- Enrollment in the Korean pension plan (employer will match what you put in)
- Severance pay which is equivalent up to 1 month’s salary
Another perk about working in South Korea is that many foreign instructors are subjected to a low tax rate. Teachers can expect that about only 3%-5% of their income will be taxed.
Here’s how experience & qualifications can affect your earning potential:
This is the minimum requirement for teachers in South Korea. Possessing this should set your starting salary at no less than 1.5 mil. Won/month.
TEFL/TESOL Certification or 1-year teaching experience:
This is the minimum requirement for Teaching Nomad and to land a role in South Korea. If you don’t have experience or haven’t had the proper training to excel in an ESL classroom than you need TEFL certification!
Teaching license and/or degree in education:
If you are licensed to teach in your own country, then you will qualify for the higher end English medium and international schools in South Korea. Salaries typically start at 2.2 mil. Won and can go up all the way to 3.5 mil. Won/month or more.
The better educated you are, the more jobs there are available. A post-graduate or advanced degree will likely bump you up on the salary scale and open doors for advancement. Learn more about M.Ed options through Teaching Nomad.
The pay and living expenses are generally much higher in bigger cities such as Seoul and Incheon. Many teachers prefer to live in smaller cities and go into larger cities over the weekend and holidays using the local and regional transportation systems. South Korea is not a very big country making almost anywhere you want to visit accessible over a long weekend.
At some schools, the number of hours you work will affect your salary. Hagwons generally require you to teach around 20 hours per week with an additional 15-20 offices, they typically pay between 2 – 2.8 mil. Won/month. Koreans generally have a very strong work ethic which may result in overtime, “optional” team outings, or happy hours with management.
Like other countries, training school (Hagwon) hours will be evenings and weekends, while K-12 or international schools will follow a traditional Monday-Friday schedule.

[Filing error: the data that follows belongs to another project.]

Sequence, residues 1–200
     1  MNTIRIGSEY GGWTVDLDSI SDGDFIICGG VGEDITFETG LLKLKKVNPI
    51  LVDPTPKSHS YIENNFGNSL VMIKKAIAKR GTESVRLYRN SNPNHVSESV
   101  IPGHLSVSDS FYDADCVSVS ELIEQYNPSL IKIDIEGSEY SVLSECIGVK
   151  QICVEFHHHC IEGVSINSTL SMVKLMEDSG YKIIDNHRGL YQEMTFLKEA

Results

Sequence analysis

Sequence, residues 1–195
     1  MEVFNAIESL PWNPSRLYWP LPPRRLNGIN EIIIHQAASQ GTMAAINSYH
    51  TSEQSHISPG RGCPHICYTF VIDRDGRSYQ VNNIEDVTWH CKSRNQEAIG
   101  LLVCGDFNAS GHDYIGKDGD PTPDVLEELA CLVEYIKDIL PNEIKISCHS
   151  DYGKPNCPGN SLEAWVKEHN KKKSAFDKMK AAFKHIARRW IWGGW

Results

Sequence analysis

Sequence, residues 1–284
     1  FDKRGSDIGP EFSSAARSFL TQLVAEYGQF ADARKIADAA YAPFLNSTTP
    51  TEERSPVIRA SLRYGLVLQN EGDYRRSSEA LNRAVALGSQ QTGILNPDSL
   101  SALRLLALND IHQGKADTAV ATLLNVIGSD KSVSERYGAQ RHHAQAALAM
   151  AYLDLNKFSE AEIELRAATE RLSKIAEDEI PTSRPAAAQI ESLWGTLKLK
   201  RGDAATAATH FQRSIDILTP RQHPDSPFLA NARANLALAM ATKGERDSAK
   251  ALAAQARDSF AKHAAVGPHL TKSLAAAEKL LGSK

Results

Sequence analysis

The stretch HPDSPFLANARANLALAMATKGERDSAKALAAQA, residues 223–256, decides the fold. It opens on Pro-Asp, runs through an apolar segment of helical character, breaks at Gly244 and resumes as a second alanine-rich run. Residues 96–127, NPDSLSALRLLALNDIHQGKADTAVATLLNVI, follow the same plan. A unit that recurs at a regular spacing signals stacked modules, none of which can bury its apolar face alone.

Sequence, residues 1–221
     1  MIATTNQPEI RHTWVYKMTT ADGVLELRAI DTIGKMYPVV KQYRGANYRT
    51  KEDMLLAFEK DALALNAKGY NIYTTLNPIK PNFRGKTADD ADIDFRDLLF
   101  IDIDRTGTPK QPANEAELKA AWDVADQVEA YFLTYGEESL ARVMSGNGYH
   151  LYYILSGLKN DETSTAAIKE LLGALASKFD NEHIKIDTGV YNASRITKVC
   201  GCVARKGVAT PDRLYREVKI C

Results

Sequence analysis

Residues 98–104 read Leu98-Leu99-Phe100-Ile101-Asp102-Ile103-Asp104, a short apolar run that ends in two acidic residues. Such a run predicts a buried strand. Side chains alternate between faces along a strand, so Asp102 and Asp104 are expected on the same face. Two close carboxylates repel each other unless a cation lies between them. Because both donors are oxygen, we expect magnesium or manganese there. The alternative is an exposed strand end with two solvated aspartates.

Many schools provide teachers with housing in a furnished studio or shared flat. Some schools that do not offer housing will include a stipend for housing, especially in bigger cities. Insurance is almost always included, and many schools will provide a stipend for flights as well. It is not uncommon for kindergartens and international schools to provide meals during school hours to teachers as well.
In order to get a visa to teach in South Korea, you must get some of your teaching documents apostilled. If you don’t want to deal with this process on your own, so we now offer a service that gets it done for you, hassle-free!
What our teachers are saying
I’d highly recommend Teaching nomad because it is a reputable, international agency that has teaching opportunities all over the world. Their website is easy to use, the consultants are attentive and help you throughout the process. I’d choose them all over again.
I was helped by Moira, and the support provided to me was second to none. I’m super grateful for the support. Finding a job during this difficult period would have been a challenge on my own, however, the assistance from Teaching Nomad made the process much easier. They also offered continuous support once I started working. They have been absolutely fantastic.
TN helped me from the very start, which for me was trying to decide which TEFL certification to go with. From there my consultant, Moira, helped me with the documents I needed, gave me resume tips, sent off my profile to various schools even before my certification was complete, and gave me interview tips when the schools wanted to meet me. Thanks to the help Moira and Teaching Nomad provided, I have just signed a contract with a higher than normal salary for a first-time teacher. Now they are helping me out with authenticating my documents and my application for a visa!